Increased more than 25%
Business vs. residential: Share of tax burden
Percentage of total property tax burden by township
Percentage point change
All South Triad
Oak Park Township
River Forest Township
Figures don't include multi-family buildings with seven or more units and properties granted tax breaks.
Source: Chicago Tribune analysis of Cook County assessor's office data
Many, but not all, businesses also received COVID adjustments. They varied from region to region, but in general, businesses hit hard by the pandemic — like hotels, offices, stores and entertainment venues — received even bigger reductions than homeowners.
Assessments matter because they determine how much in taxes property owners pay. In general, the higher the assessment, the bigger the tax bill.
Kaegi’s south and southwest suburban assessments mean that homeowners saw their total share of all assessed value drop by nearly 7.5% — an amount that businesses, including larger apartment buildings, would end up shouldering if the reassessments hold.
That, however, doesn’t mean businesses will end up picking up the entire 7.5% of the burden when tax bills based on those assessments are sent out this year.
Many business owners are appealing Kaegi’s reassessments. If his 2019 assessments of north and northwest suburban properties are any indication, that could reduce the shift in property tax burden, with homeowners not getting as much of a break.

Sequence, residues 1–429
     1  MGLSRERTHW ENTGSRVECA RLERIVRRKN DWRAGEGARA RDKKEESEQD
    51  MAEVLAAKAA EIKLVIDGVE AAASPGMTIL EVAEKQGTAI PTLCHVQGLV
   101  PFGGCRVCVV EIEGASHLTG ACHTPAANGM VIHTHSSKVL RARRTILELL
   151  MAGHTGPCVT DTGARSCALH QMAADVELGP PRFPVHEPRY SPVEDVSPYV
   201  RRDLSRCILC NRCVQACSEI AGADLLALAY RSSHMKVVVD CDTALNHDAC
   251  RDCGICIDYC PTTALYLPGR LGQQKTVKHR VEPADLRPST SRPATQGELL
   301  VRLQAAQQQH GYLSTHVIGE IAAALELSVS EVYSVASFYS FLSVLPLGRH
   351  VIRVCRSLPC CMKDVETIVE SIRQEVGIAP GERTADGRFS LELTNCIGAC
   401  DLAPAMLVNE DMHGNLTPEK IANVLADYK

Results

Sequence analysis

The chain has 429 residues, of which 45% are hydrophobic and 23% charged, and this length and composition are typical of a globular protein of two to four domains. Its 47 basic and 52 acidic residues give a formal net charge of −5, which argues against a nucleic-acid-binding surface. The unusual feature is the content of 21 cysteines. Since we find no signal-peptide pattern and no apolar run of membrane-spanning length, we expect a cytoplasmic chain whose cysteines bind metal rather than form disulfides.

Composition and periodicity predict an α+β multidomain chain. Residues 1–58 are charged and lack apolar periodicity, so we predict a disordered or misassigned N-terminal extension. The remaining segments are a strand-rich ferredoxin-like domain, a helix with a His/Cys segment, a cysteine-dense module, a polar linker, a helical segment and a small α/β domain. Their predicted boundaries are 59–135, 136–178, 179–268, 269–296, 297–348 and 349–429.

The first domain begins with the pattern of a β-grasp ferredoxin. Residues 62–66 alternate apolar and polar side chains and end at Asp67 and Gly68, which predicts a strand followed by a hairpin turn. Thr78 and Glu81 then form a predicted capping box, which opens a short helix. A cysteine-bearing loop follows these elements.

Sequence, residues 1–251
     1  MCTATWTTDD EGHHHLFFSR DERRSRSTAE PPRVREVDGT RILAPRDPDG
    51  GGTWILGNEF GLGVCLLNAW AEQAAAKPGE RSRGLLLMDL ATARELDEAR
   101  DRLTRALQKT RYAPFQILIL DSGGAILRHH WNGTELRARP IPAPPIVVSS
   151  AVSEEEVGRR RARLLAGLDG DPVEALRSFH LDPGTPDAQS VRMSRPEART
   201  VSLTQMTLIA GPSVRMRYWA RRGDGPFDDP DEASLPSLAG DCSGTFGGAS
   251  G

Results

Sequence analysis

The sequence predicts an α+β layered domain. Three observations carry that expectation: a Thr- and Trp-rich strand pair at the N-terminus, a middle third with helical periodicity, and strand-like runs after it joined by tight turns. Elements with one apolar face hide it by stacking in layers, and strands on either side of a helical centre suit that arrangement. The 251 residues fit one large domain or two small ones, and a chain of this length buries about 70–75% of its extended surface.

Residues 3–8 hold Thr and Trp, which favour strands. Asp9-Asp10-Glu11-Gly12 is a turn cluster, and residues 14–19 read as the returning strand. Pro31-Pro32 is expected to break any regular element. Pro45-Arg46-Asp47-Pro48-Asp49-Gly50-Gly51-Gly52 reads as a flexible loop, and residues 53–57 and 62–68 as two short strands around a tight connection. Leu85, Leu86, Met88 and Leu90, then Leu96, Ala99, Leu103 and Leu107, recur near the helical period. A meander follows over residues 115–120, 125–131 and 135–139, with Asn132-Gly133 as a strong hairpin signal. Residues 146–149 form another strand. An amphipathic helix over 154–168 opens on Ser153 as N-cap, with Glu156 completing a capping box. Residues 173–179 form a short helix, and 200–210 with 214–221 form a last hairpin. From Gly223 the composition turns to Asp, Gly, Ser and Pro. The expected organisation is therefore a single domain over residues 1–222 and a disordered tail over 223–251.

The north suburban shift was 10% after assessments came out. But the Board of Review, an elected property tax assessment appeals panel, scaled back Kaegi’s work significantly. When it was done, the shift from residential to commercial was around 2.3%, according to an analysis by Kaegi’s office.
The 2020 reassessments varied depending on which part of the south and southwest suburbs a property was located. The shift was 10% in Rich Township, which includes Olympia Fields, and in Stickney Township, which includes Burbank. In Berwyn Township, the shift was only 1%.
The disparity in Rich Township concerns Jon Felix, the owner of Sell It Again, Sam, a used furniture business in Richton Park. The initial assessment went up by nearly 49%, putting a market value of nearly $652,000 on a building he bought for $406,000 in 2012, according to public records.
Felix appealed and won a reduction from the appeals board, which set the building’s market value at a little less than $556,000, still a 27.5% increase that portends a likely tax increase this year. Last year, Felix paid about $23,000 in property taxes on his building, already a steep hit for his small business.